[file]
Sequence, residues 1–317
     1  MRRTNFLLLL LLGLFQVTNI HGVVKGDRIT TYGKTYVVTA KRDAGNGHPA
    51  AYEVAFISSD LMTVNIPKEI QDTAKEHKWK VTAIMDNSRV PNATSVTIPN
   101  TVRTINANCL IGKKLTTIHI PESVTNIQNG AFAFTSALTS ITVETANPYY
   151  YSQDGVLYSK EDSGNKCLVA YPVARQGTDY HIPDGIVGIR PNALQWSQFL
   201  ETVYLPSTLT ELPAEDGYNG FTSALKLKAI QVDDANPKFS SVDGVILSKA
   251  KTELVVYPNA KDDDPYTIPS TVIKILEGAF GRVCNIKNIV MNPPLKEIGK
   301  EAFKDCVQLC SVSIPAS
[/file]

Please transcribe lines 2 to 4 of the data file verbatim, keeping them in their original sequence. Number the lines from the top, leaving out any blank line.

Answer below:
     1  MRRTNFLLLL LLGLFQVTNI HGVVKGDRIT TYGKTYVVTA KRDAGNGHPA
    51  AYEVAFISSD LMTVNIPKEI QDTAKEHKWK VTAIMDNSRV PNATSVTIPN
   101  TVRTINANCL IGKKLTTIHI PESVTNIQNG AFAFTSALTS ITVETANPYY